Of stories lost, of men and women fighting the odds, of heroes and villains making winters more endurable. This holiday, all I want to do is bask in the musings of authors old and new, sharing with us great works that can only be felt when read on a cold winter day, snuggled up on a corner of a warm house. For book lovers, here are five great books recommended for a holiday read; and though you may have read them all at one point, it surely is a pleasure to pick them once again because the stories don’t seem to fade away, no matter how often you read them.
1). The Woman in White by Wilkie Collins
An eerie coldness, a heart-throbbing sensation and a mysterious woman in white… seems like the perfect book for a sleepless winter night. Hailed as one of the first and most influential mystery books of the Victorian era, ‘Woman in White,’ is a combination of Gothic horror and psychological realism that one rarely gets to read elsewhere. Published in 1859, Collin’s novel still holds the same powerful impact that can shake modern readers to the core. It made a sensation out of the author and that was rightly so.
The plot revolves around Walter Hartright, a young drawing-master, who meets a mysterious, distressed woman dressed in white, on a lonely street in Hampstead. From there, the story moves on to various segments where the mystery of the woman unfolds and Walter is embroiled in complexities of love. Who is the woman and how does she changes Walter’s life? Read to discover!
2). The Phantom of the Opera by Gaston Leroux
A dark night, a desolate opera….a voice singing as sweet as a nightingale, a phantom living in the gruesome depths of the underground; masked and hidden from the world, falls in love with the angelic sound, ventures into the realm of unsettling emotions, into the tragedy of love. What is this phantom? Who is this angelic voice and what will become of her? Perhaps one of the most spine-chilling, intense and arguably the best musical thrillers of all time, ‘Phantom of the Opera’, is one book you can read a thousand winters and still never bore of. The dialogues are powerful enough to move you to tears. Think Wuthering Heights was tragic? You still have to experience the cruelty, pain and anguish in Phantom of the Opera.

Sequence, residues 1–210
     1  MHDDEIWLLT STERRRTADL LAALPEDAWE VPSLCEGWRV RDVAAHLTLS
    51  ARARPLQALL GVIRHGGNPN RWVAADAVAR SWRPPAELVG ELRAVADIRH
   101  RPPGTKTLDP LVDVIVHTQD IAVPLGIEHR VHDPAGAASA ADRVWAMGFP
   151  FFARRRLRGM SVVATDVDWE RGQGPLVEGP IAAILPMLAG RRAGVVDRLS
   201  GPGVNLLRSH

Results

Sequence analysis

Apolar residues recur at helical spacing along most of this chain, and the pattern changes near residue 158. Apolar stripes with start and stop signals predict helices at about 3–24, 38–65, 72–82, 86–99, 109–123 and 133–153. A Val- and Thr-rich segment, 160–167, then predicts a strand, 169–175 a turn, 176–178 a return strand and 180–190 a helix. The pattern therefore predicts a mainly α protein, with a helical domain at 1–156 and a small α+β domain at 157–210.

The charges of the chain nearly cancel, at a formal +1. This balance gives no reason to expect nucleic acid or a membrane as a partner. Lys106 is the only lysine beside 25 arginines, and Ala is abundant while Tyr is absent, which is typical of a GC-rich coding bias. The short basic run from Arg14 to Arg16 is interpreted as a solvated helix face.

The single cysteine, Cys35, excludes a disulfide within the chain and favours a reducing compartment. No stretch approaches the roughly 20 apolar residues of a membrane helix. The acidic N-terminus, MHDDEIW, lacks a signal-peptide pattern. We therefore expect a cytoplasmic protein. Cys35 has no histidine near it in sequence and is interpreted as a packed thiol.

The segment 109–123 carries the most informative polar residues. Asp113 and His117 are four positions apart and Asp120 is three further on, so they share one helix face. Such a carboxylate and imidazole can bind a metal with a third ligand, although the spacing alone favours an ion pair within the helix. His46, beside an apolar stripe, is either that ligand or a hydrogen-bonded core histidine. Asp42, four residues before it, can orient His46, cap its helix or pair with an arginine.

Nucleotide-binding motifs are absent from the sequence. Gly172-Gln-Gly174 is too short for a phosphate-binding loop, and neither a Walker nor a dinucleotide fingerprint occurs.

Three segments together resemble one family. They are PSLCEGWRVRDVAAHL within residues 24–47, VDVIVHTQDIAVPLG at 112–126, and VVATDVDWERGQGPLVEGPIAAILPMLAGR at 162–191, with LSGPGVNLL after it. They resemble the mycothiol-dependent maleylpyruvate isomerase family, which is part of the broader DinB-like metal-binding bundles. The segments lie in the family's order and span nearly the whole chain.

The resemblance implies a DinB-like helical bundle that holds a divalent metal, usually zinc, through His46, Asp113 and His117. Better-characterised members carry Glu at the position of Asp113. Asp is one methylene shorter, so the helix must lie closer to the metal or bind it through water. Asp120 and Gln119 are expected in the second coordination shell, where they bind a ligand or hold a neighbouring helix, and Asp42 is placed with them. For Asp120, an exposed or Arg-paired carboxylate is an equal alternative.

3). Les Miserables by Victor Hugo
A bittersweet, complicated novel of human relations, morality, love and the extraordinary life of ordinary people. Be warned though, this is that one book that could actually leave you feeling miserable over the holidays. If you’re prone to sensitivity, you can skip it. But, for me, this seems to be the kind of book that would keep me engrossed and take me away to the dark nights of France. It’s a nostalgic journey, that seems best enjoyed only during winters.
But nostalgic experiences apart, the book can be thoroughly enjoyed if you have a generally good understanding of the French political history and society during the late 1700s and early 1800s when the French revolution took place. The book was released in 1815, just two decades shy of the French revolution and so the political stigma and social problems remain fresh. However, the story is NOT about the French revolution as many people misunderstand it to be so. Therefore, read it with a pinch of salt.
4). The Best of Wodehouse by P.G Wodehouse
Alright! No more tragic stories, I seem to have ruined your winter enough. So let’s move towards some humor. Ofcourse, when it comes to classic humor, nothing beats the witty characters, the hilarious confrontations of P.G Wodehouse’s most amusing short stories.
Since all his books are amazing, it’s hard to pen down any one, but fret not! You can get all of his best works in a single compilation named, ‘The Best of Wodehouse.’ His best characters including both antagonists and protagonists like Augustus “Gussie” Fink-Nottle and D’Arcy “Stilton” Cheesewright with the formidable Aunt Agatha, leave you in fits of laughter and turn your holidays into an escapism you wouldn’t want to return from. So go ahead and get a few laughs after some serious readings.
5). The Complete Fairy Tales by Oscar Wilde
Hey, how could you ever go through a winter reading list without including some fairy tales, afterall, it’s this time of the year that we tend to believe most in fairies, miracles, kind spirits and so on. So for those of you who want to totally escape realism and wander in the land of the unknown, try out Oscar Wilde’s Complete Fairy Tales. Happy stories, with happy endings unlike Grimm Brother’s grim fairy tales (it’s highly recommended too).
This did come as a surprise to me when I first encountered the book. I never knew Wilde authored fairy tales too and though they are not his finest, they still serve as good stories to perk your imagination. The best part is, those who have kids can easily turn this into a bed-time reading activity.